Magic, Social Skills, and Awkwardness

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In response to Jason's article yesterday, a comment posed a question I'd been thinking about just a few hours before.


If we look past the rhetorical sarcasm, this is actually a really good question. I think you can make the case that playing Magic develops one's social skills in a way that many non-Magic players don't have a chance to experience.

Magic players are stereotyped as asocial nerds, but if you've attended any number of tournaments at any level, you know that's but a fraction of the playerbase. Magic attracts people from all walks of life. It transcends race and gender and even language.

At FNMs, I've played both kids half my age that are twice as good as me and guys who have played since 1993 but still don't understand the concept of a mana curve. I've played elderly retirees looking for a hobby and young professionals who travel to big events every weekend. I've played against frat bros and hippies, sorority sisters and punk rock girls, clean-cut guys in suits and guys who haven't bathed in weeks. I've played against women who are only there because of their boyfriends and women whose boyfriends are only there because of them. I've played against opponents with Pro Tour top eights and opponents who don't see anything wrong with Aether Shockwaveing my face on turn one of a Draft match.

As Magic players, we play against all types of opponents. And if you're playing in tournaments, then you are forced by the very nature of MTG events to have a one-on-one interaction with another random human being several times in a row in quick succession. Nothing says you have to have a full conversation with the other player, and many times you won't say much at all, but the life experience gained from learning to socialize with such a wide array of personality types should not be overlooked. To intensify the experience, most matches end with a winner and a loser. Learning to be humble in victory and gracious in defeat is not a skill everyone develops, but we all know the best opponents are the ones who have reached that point.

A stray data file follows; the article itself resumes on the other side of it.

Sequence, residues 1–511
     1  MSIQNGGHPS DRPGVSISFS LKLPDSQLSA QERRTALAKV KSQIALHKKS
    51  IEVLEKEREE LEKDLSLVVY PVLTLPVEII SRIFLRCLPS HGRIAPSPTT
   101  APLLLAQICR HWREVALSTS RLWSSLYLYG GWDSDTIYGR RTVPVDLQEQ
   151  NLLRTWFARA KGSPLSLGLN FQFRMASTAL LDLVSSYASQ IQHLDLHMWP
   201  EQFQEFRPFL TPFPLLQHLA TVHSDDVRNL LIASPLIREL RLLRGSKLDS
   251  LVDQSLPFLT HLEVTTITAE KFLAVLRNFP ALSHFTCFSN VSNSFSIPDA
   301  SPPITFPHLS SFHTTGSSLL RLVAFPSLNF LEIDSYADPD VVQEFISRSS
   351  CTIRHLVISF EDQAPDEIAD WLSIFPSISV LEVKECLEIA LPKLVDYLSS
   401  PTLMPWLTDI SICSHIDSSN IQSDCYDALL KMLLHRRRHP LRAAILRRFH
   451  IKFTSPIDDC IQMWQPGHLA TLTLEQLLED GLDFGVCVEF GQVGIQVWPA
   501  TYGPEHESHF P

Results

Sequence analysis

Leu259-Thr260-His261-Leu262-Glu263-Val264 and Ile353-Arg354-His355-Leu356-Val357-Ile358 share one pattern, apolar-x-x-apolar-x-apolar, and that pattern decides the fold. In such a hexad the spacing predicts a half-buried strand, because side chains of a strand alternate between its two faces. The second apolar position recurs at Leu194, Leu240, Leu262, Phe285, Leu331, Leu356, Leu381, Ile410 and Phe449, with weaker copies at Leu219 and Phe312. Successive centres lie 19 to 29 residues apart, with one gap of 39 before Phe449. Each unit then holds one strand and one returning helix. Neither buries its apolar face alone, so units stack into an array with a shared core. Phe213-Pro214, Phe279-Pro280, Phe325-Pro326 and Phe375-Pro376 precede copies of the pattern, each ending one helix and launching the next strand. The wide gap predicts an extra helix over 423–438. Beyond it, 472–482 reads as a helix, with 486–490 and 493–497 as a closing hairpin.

Some people are awkward. Some of them are Magic players. Some of them will stay that way their whole lives. But you know what? You're going to have deal with awkward people in your life. Be it coworkers or teachers or customer service people or whatever, they're all over the place. If you fancy yourself a socially adept person, turn your matches against peculiar opponents into a learning experience. See if you can draw them out of their shells, show some kindness, and make the match pleasurable for you both. I'm not saying you have to engage every opponent in a personal conversation, but if you just shut down because your opponent is a little weird, maybe we should ask: who exactly is the one making the match awkward?


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Danny Brown

Danny is a Cube enthusiast and the former Director of Content for Quiet Speculation.

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2 thoughts on “Magic, Social Skills, and Awkwardness

  1. Didn’t expect this respons.
    I like it!
    You’re right.
    As a judge, you can clearly see what’s the importance of social skills.

    There are many introvert people playing this game. Magic gives them a comfortzone to express their social skills.
    It’s easy to think that introvert people lack social skills, which is not true, it’s just on another level, and mostly more empathic in my experience.

    I’m sometimes surprised to see magic players in another context. I know them as social people, and seeing them in another context as very shy people can be awkward.
    Maybe you’ve had that already, you meet someone in another context, but you can’t talk with him like you’re used to.
    The other way around too. I met someone I knew in the LGS, he was clearly ashamed that I saw him playing magic there, untill I said that I play the game too.

    And yeah, I don’t know that Ari guy, so can’t say much about it, but from what I’ve read, he should try to be more empathic, just a little bit.
    Ooh, and the internet too of course. 😉

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